The Bear Case for Ford Motor Company

With many positive catalysts happening at Ford, some investors are forgetting about what negative events could drive the stock lower.

May 31, 2014 at 10:35AM

Despite many of my recent articles here at The Motley Fool supporting a long bias on shares of Ford (NYSE:F), there are certain aspects investors should look at with more skepticism. I like to take the other side of my positions and opinions, in order to determine if there is a legitimate bearish case to be made against the stock. 

Ford is no different. It's a stock that I hold long and one that I have bullishly written about for quite some time. So without further ado, let's examine Ford from the other side of the ticker tape. 

A look around the world
While the company does have explosive sales growth in China, it means very little to the bottom-line, since the automaker is spending so much money on building out its infrastructure in the country. 

Unlike General Motors (NYSE:GM) or Volkswagen, which cemented their roots in China two decades ago, Ford is late to the game and trying play catch-up. While this is great news for the long-term investor of five to 10 or more years, it doesn't play into the bull case over the next 12 months. 

Europe used to be a black hole for Ford. Back in late-October, CFO Bob Shanks, said that Ford is "more firmly on track to a profit, not break-even, but profit by 2015."

This notion was confirmed on the company's first-quarter conference call, although it still lost $194 million in Europe during that period. This is much better than the $425 million it lost in the first quarter of 2013, so this is encouraging news.

But South America isn't so encouraging. Ford took an approximate $400 million charge in the first quarter due to currency losses, on its way to a $530 million loss overall in the region. We'll see how this situation continues to play out through the year and hopefully we'll see currency stabilization and an improved economy. 

While China lacks significant contributions to the bottom line, European improvements are being weighed down by South American shortcomings. It's not the end of the world, but it's something for investors to keep in mind. 

First quarter black eyes
Perhaps first quarter results -- where net profit dropped 39% to $989 million, versus $1.61 billion in the first quarter of 2013 -- are an indicator that estimates are going to be too high this year, especially if Ford comes in on the lower end of its guidance. 

On the conference call, management said they still expect to earn a pre-tax profit of $7 billion-$8 billion this year, consistent to what they told investors at the annual shareholders meeting in December. This was negative news at first, because investors were looking for pre-tax profits to be in the camp of $9 billion-$10 billion. 

Ford's recall of 692,000 vehicles will likely be covered by the recent deposit of $400 million into its warranty reserves in the first quarter. This obviously weighs on earnings, as will any other recalls in the future, (which there are hopefully none of significant magnitude).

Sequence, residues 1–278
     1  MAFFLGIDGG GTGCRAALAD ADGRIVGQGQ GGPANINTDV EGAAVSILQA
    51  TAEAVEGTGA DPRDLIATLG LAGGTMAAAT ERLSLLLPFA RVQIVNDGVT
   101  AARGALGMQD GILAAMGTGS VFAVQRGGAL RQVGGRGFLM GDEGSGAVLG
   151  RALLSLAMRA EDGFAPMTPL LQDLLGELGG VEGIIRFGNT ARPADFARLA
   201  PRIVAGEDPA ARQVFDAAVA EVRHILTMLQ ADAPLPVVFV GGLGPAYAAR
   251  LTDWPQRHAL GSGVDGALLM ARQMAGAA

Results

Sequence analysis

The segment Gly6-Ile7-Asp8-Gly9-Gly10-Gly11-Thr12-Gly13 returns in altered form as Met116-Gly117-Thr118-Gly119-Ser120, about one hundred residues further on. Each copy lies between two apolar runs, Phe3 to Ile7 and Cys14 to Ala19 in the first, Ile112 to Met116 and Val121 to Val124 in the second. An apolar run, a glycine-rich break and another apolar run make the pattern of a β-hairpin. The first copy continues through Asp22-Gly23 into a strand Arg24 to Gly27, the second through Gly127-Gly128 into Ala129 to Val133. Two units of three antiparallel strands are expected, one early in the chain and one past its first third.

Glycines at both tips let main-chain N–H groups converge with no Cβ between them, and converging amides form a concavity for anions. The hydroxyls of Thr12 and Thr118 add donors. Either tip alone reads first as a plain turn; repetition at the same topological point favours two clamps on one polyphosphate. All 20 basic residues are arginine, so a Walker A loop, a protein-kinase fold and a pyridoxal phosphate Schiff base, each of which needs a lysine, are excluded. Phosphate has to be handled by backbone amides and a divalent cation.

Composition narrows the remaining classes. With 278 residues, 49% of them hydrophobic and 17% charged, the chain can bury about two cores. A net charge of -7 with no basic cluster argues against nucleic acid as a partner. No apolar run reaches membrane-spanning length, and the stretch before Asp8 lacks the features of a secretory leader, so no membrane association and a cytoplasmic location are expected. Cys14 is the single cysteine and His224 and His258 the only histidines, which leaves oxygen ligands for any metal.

The company has also planned to launch 23 new vehicles in 2014 around the world. This plan has not change, and is not cheap. That was actually the main reason Ford guided 2014 pre-tax profits below Street consensus. 

Valuation and share buyback
Everyone seems to love Ford's valuation, and it's hard not to! At just 10 times last year's earnings and 8.33 times 2015 earnings estimates, shares of Ford are cheap. Much cheaper than the S&P 500's trailing P/E ratio of 18 times earnings and 16 times next year's earnings. 

But just because the stock is cheap, valuation-wise, doesn't mean it can't get cheaper. If the economy takes a downturn, or the automaker has continuous negative news pop up (such as recalls, currency losses and downtowns in foreign markets), then earnings per share will fall and so will the valuation. It's that simple.

Turning to the share buyback, I highlighted it in greater detail, here. But in a nut shell, it's being done to counter the dilutive effects of management compensation and convertible debt. The announcement of a buyback can be misleading to bulls, and this is an example of that. This buyback will have little to no affect on earnings per share.

Final thoughts
My goal is not to come across as a hypocrite. After all, I am long shares of Ford and would not be if I were bearish the name. But I do want to point out that there is downside risk to buying shares of Ford at current levels.

If earnings fall due to unfavorable events, the share price is likely to decline as well. However, I still think the reward of being long near current levels outweighs the risk. I would certainly be a buyer in the $14 range if shares were to decline to that point. 

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Bret Kenwell owns shares of Ford. The Motley Fool recommends Ford and General Motors. The Motley Fool owns shares of Ford. Try any of our Foolish newsletter services free for 30 days. We Fools may not all hold the same opinions, but we all believe that considering a diverse range of insights makes us better investors. The Motley Fool has a disclosure policy.

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David Hanson owns shares of Berkshire Hathaway and American Express. The Motley Fool recommends and owns shares of Berkshire Hathaway, Google, and Coca-Cola.We Fools don't all hold the same opinions, but we all believe that considering a diverse range of insights makes us better investors. The Motley Fool has a disclosure policy.

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